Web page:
I still love baseball, and I expect I always will. While I’m sure I can raise significant debate about this, it seems to me that professional baseball, both the players and front office personnel, have managed to avoid much of the negative press and the stigma that professional football is currently saddled with. Oh, to be sure, money plays way too big a role the game, but at least for me, it’s just not the same. I’m still a Texas Rangers fan, and I expect I always will be, no matter how frustrating Rangers fandom can be–we only needed ONE STRIKE (twice)! It’s been years since I’ve listened to them on the radio, but I watch games anytime I can. I also love college baseball, and it was great to see both Texas Tech, my alma mater, and Oklahoma State, where my niece is in school, end up in the College World Series last summer. It was also incredibly fun to watch Coastal Carolina come out of nowhere to surprise everyone and win the series! That’s part of what makes baseball so entertaining, you never know on any given day or night who might win, even when they’re not supposed to. Because, as former Rangers Manager Ron Washington once famously said, “That’s the way baseball go.”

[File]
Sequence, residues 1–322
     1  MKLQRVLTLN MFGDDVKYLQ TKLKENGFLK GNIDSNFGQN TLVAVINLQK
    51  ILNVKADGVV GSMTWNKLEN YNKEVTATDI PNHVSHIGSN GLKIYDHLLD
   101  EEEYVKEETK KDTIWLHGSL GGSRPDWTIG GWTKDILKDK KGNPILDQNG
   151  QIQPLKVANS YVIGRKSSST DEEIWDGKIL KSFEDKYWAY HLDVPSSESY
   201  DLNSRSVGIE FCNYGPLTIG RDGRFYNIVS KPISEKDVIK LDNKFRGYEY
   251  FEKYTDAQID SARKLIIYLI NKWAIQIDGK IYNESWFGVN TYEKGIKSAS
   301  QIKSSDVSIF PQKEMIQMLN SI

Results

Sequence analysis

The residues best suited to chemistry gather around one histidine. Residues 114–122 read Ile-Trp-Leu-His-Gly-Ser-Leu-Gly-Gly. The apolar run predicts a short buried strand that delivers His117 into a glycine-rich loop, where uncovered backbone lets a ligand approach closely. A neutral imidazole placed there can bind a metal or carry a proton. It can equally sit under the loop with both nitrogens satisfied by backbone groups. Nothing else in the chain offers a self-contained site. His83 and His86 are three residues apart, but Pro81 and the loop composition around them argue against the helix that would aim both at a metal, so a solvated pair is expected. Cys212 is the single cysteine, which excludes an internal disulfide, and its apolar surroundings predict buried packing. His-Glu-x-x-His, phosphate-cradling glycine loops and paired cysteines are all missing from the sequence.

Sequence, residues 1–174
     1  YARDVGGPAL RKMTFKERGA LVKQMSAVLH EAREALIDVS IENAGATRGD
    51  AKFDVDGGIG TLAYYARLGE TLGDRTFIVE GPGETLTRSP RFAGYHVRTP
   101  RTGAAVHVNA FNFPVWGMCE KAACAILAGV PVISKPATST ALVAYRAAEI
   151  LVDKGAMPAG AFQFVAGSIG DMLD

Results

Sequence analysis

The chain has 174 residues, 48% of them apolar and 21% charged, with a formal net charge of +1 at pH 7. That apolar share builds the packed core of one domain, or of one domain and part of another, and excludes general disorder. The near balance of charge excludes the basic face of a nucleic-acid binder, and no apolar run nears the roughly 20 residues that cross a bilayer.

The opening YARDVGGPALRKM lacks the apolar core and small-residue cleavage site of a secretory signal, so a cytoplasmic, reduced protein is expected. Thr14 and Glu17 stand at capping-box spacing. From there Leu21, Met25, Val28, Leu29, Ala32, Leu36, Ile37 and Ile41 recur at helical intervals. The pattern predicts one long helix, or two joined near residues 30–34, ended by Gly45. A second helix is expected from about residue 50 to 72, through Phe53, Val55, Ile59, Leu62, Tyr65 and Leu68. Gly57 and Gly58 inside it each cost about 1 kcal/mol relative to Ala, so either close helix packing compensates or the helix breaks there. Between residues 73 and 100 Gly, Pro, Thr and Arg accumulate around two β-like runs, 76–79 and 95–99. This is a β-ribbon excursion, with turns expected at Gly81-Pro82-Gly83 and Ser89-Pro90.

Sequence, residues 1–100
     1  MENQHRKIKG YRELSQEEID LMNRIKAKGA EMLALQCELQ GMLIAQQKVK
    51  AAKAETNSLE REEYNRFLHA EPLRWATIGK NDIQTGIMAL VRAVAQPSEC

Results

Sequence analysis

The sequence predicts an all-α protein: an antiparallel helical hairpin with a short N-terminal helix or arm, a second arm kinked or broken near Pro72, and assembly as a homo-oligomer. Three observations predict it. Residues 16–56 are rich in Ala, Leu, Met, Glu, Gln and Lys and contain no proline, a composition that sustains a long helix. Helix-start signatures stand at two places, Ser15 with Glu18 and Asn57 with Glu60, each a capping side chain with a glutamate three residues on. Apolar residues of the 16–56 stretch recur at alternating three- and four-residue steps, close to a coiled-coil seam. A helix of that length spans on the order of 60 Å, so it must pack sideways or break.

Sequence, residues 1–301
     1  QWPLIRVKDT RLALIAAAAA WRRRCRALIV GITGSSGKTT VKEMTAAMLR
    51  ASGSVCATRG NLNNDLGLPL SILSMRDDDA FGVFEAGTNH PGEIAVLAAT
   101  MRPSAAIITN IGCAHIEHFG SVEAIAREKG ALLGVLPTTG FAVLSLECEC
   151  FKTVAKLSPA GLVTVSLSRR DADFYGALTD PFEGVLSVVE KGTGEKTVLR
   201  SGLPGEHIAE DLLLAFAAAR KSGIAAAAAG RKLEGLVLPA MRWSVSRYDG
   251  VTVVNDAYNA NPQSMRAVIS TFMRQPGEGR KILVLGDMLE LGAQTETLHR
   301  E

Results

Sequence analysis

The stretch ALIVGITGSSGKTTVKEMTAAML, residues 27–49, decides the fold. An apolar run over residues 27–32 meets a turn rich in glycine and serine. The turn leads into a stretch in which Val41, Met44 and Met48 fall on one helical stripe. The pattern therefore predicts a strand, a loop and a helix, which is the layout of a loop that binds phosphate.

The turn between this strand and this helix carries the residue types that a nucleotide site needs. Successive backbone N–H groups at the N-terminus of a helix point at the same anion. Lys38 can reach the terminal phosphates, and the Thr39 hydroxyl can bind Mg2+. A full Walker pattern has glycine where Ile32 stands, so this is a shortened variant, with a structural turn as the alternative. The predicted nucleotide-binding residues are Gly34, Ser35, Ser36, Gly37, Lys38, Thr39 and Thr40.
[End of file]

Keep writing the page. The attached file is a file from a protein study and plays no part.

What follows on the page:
Of course, fans of other sports can name a million different reasons why their’s is the “best.” But, in my mind, there’s something exceptionally special about baseball and all of its trappings. It’s a slower, more deliberate game. Unlike virtually any other sport, there is no time clock, no halftime, no two-minute warning. The pace of the game is largely set by the style of the players on the field–it’s over when it’s over. More importantly for me, though, are the remarkable memories I have playing, watching, and listening to the games. But, of all the memorable moments I’ve seen in both pro and college baseball games, nothing tops the experiences and memories I have watching (and playing, all too briefly) little league ball. Who could ever forget those summer days and nights down at Person’s Park? Practicing fielding under the trees while waiting for the teams already playing to finish their games. Swatting mosquitos before being drenched in Off by every mom in the park whether she belonged to you or not. Trains screaming by on the tracks just feet away from the diamonds and blowing their horns just as the pitcher started his wind-up. Burning the backs of your legs sliding down the tall metal slide behind the concession stand. And, of course, free snow cones after the games. Who could ever forget when teams from Van came to play? That rivalry had no minimum age limit, and town pride was on the line every single time. In later years, who could forget dedicating the plaque in memory of Porky Bragg, who not only played on those fields, but who spent many hours mowing and taking care them? And, even now, the Mikey Furrh Memorial Tournament goes on in memory of another Grand Saline ball player and friend who left us way too soon.